“I‘m going to go on an overnight drunk, and in ten days I’m going to set out to find the shark that ate my friend and destroy it.”
So says the titular Steve Zissou in Wes Anderson’s The Life Aquatic With Steve Zissou. It’s a mission born out of Zissou’s devil-may-care attitude and a sad-sack sense that his best days are behind him. There’s no such melancholy coursing through the bourbon-infused veins of Captain Seafield in Ryland Tews’ agreeably manic Lake Michigan Monster. “Authorities say sea monsters aren’t real, or for that matter, lake monsters,” Seafield lectures at the beginning of the film. “And so I have hired a group of specialists to help me locate the beast…and murder it.”
As played by writer-director Tews, Seafield is a cartoon version of a virile mariner, a cross between Daniel Plainview and Cap’n Crunch. So it goes for the rest of the Milwaukee-made film. The off-the-wall tale of an oddball captain and his ragtag “Team of the Century” (Sean Shaughnessy: weapons expert; Nedge Pepsi: “sonar individual”; Dick Flynn: dishonorably discharged from the Navy), Lake Michigan Monster is an increasingly anarchic loony toon that’s one part black-and-white Guy Maddin homage (the cult filmmaker gets a special thanks in the credits) and one part Zissou riff. It’s self-aware. It’s ridiculous. It’s a hoot.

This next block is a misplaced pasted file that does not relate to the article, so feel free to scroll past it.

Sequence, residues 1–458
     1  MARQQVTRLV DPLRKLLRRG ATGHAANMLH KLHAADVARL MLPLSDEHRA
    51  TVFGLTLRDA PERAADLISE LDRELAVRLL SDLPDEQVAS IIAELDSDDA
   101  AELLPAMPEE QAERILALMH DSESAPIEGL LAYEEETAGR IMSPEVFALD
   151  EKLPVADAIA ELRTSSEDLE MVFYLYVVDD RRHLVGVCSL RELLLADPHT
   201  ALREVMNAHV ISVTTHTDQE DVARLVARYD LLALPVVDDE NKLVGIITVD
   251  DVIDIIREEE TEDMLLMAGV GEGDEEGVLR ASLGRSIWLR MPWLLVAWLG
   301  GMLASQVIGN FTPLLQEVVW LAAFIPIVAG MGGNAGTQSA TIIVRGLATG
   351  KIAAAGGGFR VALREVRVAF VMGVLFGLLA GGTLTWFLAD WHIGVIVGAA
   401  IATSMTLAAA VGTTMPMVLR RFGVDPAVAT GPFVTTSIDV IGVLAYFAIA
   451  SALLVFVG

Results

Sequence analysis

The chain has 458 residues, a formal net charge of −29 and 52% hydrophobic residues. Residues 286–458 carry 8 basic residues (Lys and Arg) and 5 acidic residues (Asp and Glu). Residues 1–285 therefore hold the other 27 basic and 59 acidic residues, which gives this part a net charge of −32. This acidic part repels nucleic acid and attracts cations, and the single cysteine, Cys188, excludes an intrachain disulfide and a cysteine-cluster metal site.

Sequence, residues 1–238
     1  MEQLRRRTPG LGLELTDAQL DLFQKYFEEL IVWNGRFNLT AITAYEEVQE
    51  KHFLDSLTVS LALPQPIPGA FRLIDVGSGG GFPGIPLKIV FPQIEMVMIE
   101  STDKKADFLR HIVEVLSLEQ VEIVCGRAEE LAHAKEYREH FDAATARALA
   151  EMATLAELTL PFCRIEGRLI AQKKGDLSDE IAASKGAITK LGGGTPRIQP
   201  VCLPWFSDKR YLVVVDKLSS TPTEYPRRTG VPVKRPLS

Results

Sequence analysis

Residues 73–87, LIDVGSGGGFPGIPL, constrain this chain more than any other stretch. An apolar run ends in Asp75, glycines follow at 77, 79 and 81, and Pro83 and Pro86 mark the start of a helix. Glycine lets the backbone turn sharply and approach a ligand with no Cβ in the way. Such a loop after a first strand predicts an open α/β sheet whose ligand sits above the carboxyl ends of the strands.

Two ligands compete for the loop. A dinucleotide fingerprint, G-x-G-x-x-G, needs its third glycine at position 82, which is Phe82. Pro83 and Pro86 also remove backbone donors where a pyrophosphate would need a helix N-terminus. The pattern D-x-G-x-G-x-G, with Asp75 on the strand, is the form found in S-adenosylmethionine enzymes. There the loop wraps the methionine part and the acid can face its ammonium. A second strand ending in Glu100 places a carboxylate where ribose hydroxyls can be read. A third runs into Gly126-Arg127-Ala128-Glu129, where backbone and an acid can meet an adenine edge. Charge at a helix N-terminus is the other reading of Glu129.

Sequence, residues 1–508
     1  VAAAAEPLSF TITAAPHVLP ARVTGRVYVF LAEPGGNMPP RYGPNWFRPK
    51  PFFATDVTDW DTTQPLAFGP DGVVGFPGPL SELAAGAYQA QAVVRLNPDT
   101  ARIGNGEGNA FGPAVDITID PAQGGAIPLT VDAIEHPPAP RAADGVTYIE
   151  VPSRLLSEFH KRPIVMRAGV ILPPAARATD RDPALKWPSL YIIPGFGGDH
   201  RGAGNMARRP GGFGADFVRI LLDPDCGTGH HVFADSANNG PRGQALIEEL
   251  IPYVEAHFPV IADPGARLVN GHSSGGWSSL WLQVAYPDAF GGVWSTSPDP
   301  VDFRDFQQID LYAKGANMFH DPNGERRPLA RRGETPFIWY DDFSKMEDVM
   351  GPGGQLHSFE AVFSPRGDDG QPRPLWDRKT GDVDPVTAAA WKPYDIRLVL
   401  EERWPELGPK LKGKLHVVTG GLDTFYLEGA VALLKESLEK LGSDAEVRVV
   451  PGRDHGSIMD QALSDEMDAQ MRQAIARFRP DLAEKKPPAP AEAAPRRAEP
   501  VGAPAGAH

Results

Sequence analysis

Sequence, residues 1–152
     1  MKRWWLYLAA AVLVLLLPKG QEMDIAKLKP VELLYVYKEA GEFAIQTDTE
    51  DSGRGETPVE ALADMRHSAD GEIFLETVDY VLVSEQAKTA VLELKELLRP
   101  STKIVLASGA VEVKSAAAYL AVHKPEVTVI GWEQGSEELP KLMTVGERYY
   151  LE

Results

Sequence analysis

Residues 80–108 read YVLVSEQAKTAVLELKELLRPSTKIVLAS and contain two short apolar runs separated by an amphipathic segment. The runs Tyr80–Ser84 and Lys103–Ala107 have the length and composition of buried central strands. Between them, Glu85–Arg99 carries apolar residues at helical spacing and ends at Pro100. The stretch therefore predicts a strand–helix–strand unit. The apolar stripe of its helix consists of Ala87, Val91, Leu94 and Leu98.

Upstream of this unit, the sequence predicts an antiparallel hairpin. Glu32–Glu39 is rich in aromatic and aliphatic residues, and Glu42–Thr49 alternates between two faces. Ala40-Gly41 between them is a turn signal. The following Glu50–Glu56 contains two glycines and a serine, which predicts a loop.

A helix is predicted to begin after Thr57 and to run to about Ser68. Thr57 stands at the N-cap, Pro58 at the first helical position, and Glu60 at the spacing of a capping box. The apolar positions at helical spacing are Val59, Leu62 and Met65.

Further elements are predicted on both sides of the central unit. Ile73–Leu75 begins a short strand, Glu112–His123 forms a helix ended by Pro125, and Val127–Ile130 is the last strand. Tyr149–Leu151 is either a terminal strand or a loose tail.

It’s also a film that punches far above its weight. Tews shot his debut on his girlfriend’s old DSLR camera (the footage was further scuffed up in post-production) and funded it with tips from his pizza delivery gig. And yet Lake Michigan Monster is filled with enough Dutch-angle camerawork and rat-a-tat editing (the latter courtesy of Mike Cheslik) to make a young Sam Raimi swoon. No setup is static, and no Milwaukee landmark (North Point Lighthouse, Milwaukee Public Museum, the East Side Boat House) goes unused. It’s clearly a modest local production, but what could have been a glorified lark amongst friends is instead a visually and comedically inventive riot.
The plot, beyond the initial setup, is as elusive as the tide. Seafield and his pay-docked crew stage a series of half-assed operations to catch the monster. (Operation “Nauty Lady,” Operation “EGGscuse Me, Time To Die!” etc.) The monster eludes them. The team falls apart. Questions are raised about Seafield’s true background and motivations. There are musical numbers, bad fish sticks, dream sequences, mysterious runes, underwater castles, and ghost armies. (The film’s stylized CGI works exceedingly well.) Things get…weird. It says something that an early scene in which Seafield blasts away at a sea creature egg that looks suspiciously like a Hatchimal egg—all the while laughing and applying eyebrow makeup—is one of the film’s calmer moments.
It all adds up to…well, a bit much. Even at a slim 75 minutes, Lake Michigan Monster sometimes feels like a carnival ride that won’t end, a demo reel stretched to feature length. Still, it’s hard to fault the film for an overabundance of energy and ideas. Tews and company have crafted something unique here, an absurdist fever-dream that looks (and sounds) like little else. “This is an adventure,” Steve Zissou sighs at the end of his tale. There are no sighs in Lake Michigan Monster, only maniacal cries of creativity that reach all the way to the bottom of the sea. Er, lake.
Lake Michigan Monster screens Sunday, April 7 at 7:15 p.m. as part of the 2019 Twisted Dreams Film Festival.